New Jersey legislature passes bill making Juneteenth a state holiday

New Jersey is the latest state to pass legislation to formally recognize Juneteenth as a holiday.

The Democratic-led state legislature passed the bill on Thursday as part of a set of legislation aimed at addressing the state’s racial history. The measure designates the third Friday in June as Juneteenth Day, which commemorates June 19, 1865, the day that Union Maj. Gen. Gordon Granger rode into Galveston, Texas, and told enslaved Americans about their emancipation.

The measure passed with little opposition in the Senate, with 35 votes for and 3 against, while two senators chose not to vote. In the Assembly, the measure was also met with little pushback, with no vote against the bill, though a group of a dozen Republicans did abstain, including GOP leader Jon Bramnick, who worried about the fiscal impact of adding a new state holiday.

“An abstention is an indication that I respect the holiday but I also respect the taxpayers,” Bramnick told CNN on Friday.

Juneteenth — a mix between June and nineteenth — is the oldest known US celebration of the end of slavery. Since Texas became the first state to make Juneteenth a holiday in 1980, 47 US states and the District of Columbia have commemorated the day by either marking it as a state holiday or observance.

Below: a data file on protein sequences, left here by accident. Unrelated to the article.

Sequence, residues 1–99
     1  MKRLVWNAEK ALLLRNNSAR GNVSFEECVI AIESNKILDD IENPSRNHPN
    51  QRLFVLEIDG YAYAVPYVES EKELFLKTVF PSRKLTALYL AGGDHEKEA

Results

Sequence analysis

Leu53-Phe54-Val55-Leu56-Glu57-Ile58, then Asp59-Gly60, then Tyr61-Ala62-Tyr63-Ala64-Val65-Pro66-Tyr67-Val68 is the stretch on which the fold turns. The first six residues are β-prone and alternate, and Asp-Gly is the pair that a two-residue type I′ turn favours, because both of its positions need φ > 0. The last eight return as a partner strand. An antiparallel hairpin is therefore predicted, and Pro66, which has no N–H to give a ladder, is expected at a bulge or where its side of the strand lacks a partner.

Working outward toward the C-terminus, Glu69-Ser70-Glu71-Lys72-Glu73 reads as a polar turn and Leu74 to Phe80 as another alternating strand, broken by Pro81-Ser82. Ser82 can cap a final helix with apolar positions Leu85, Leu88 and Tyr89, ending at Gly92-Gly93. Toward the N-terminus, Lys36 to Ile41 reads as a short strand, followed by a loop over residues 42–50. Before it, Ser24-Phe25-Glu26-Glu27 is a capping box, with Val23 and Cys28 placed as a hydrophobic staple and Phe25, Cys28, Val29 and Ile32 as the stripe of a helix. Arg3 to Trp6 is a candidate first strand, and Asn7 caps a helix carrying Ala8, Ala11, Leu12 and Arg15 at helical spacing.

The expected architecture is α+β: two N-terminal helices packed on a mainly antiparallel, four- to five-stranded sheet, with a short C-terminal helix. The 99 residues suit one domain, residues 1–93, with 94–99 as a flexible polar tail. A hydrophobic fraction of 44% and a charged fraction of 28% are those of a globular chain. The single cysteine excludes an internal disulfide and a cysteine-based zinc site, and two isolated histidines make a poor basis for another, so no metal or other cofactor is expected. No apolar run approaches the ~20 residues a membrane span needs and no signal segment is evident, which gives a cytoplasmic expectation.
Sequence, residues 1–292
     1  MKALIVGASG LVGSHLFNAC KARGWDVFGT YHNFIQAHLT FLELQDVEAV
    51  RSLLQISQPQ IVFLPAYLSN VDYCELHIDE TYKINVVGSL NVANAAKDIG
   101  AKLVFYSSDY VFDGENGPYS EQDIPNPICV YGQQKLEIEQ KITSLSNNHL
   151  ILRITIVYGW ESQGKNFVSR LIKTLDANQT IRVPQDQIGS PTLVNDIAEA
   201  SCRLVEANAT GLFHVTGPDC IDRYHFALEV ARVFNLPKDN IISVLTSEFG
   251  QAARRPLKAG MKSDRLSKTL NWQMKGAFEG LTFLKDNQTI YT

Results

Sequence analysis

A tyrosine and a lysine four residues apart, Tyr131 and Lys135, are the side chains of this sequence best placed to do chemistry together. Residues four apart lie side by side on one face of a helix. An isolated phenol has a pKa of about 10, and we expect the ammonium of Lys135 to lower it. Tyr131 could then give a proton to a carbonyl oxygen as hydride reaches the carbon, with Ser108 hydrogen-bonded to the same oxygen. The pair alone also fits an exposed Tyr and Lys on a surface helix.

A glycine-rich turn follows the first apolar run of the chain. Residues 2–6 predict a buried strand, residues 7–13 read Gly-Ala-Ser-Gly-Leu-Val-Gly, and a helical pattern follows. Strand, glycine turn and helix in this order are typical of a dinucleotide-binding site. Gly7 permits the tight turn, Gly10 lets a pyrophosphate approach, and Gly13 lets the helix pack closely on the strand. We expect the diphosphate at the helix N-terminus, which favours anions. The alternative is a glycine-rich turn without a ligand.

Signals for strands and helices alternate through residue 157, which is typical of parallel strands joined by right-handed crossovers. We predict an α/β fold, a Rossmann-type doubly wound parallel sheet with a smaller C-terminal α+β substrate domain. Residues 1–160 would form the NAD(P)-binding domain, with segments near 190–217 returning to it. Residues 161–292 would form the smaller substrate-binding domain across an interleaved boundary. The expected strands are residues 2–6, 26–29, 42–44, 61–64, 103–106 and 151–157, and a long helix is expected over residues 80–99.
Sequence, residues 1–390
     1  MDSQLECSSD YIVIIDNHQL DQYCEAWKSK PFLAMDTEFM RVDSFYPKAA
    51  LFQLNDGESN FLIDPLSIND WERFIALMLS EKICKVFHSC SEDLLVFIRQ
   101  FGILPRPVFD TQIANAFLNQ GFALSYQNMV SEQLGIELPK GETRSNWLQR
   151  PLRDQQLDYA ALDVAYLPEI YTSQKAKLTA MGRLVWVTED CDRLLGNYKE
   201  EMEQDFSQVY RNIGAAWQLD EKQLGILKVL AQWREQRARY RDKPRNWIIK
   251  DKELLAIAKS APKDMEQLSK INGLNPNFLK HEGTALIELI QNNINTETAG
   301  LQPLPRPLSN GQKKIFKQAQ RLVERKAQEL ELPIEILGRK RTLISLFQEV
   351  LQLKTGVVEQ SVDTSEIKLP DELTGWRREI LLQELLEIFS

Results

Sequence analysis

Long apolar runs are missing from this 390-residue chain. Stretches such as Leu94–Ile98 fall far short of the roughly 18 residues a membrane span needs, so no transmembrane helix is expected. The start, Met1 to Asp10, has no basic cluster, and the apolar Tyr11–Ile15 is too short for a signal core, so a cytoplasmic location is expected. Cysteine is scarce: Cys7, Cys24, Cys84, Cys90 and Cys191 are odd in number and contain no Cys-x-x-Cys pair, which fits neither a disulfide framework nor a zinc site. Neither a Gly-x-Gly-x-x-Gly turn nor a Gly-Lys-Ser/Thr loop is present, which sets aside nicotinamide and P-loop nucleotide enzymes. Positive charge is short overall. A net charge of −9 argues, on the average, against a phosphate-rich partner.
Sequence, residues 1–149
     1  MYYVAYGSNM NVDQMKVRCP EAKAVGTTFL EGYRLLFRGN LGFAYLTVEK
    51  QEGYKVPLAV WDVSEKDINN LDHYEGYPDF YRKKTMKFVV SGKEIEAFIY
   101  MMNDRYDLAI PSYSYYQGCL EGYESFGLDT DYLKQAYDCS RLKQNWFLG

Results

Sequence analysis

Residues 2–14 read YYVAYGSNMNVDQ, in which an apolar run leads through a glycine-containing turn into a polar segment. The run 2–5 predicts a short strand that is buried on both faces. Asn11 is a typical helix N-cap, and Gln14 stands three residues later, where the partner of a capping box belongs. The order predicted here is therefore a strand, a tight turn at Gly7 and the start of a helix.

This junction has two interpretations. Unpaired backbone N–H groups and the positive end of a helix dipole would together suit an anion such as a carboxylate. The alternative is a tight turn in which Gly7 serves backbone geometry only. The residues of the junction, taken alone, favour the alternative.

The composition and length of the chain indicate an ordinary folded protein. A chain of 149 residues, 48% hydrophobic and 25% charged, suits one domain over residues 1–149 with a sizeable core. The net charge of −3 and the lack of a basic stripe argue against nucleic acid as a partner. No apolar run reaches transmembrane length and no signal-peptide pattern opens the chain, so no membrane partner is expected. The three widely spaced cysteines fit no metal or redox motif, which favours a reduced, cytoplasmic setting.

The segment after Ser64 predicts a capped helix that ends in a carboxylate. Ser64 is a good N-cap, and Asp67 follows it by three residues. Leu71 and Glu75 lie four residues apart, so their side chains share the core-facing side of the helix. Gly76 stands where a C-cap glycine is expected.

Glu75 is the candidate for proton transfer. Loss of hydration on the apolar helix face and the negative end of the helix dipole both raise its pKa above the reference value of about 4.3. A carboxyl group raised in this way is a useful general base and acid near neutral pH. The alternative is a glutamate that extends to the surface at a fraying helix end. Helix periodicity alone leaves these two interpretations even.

The other bill passed by the lawmakers was a measure that will end the practice of local governments using the title freeholder for county-level positions. The measure was first introduced by Republican Sen. Joseph Pennacchio in 2011. The Republican argued the name change was necessary as the title confused voters and kept New Jersey tied to its colonial past.

New Jersey is the only state in the country to still use the title freeholder for county government officials, according to Pennacchio. The bill will retitle the elected positions as county commissioners.

The title freeholder refers to someone who owned land free of any debts. The term was established when only white male landowners could hold office.

“The change is long overdue,” said Pennacchio in a statement following the vote on Thursday. “Since 2011 when I first introduced the measure, the Legislature’s interest had been lukewarm. This bill is a change that will help residents better understand county leadership and recognize who they can turn to when they need help from local government. It’s not about rewriting history.”

The measures now head to Democratic Gov. Phil Murphy, who showed his support for the Freeholder bill in a Thursday Twitter post.

“Amid the national reckoning to remove painful symbols and references of oppression, New Jersey is on the cusp of eliminating the term ‘Freeholder’ from governance,” said Murphy in the post, which included a video with Rutgers University President Jonathan Holloway explaining the origins of the term.